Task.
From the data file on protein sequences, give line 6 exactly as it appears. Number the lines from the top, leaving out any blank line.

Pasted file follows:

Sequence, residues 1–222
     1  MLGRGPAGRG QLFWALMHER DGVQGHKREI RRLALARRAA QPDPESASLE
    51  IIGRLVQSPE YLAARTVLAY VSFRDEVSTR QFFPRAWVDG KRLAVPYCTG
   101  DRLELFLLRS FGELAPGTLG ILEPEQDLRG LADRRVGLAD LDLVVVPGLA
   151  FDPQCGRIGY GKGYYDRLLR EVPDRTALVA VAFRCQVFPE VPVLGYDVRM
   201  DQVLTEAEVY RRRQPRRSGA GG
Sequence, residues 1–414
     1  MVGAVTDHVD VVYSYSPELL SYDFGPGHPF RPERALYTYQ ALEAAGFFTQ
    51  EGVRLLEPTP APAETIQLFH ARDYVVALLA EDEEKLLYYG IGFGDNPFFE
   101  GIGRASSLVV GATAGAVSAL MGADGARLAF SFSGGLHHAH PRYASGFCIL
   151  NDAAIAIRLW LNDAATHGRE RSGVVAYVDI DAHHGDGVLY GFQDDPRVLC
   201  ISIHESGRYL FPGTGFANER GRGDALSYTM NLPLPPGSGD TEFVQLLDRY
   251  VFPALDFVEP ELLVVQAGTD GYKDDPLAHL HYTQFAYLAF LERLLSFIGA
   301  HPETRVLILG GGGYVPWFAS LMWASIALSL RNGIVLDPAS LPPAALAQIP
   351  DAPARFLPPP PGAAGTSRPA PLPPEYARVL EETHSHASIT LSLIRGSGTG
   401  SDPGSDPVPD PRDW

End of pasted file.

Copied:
   201  DQVLTEAEVY RRRQPRRSGA GG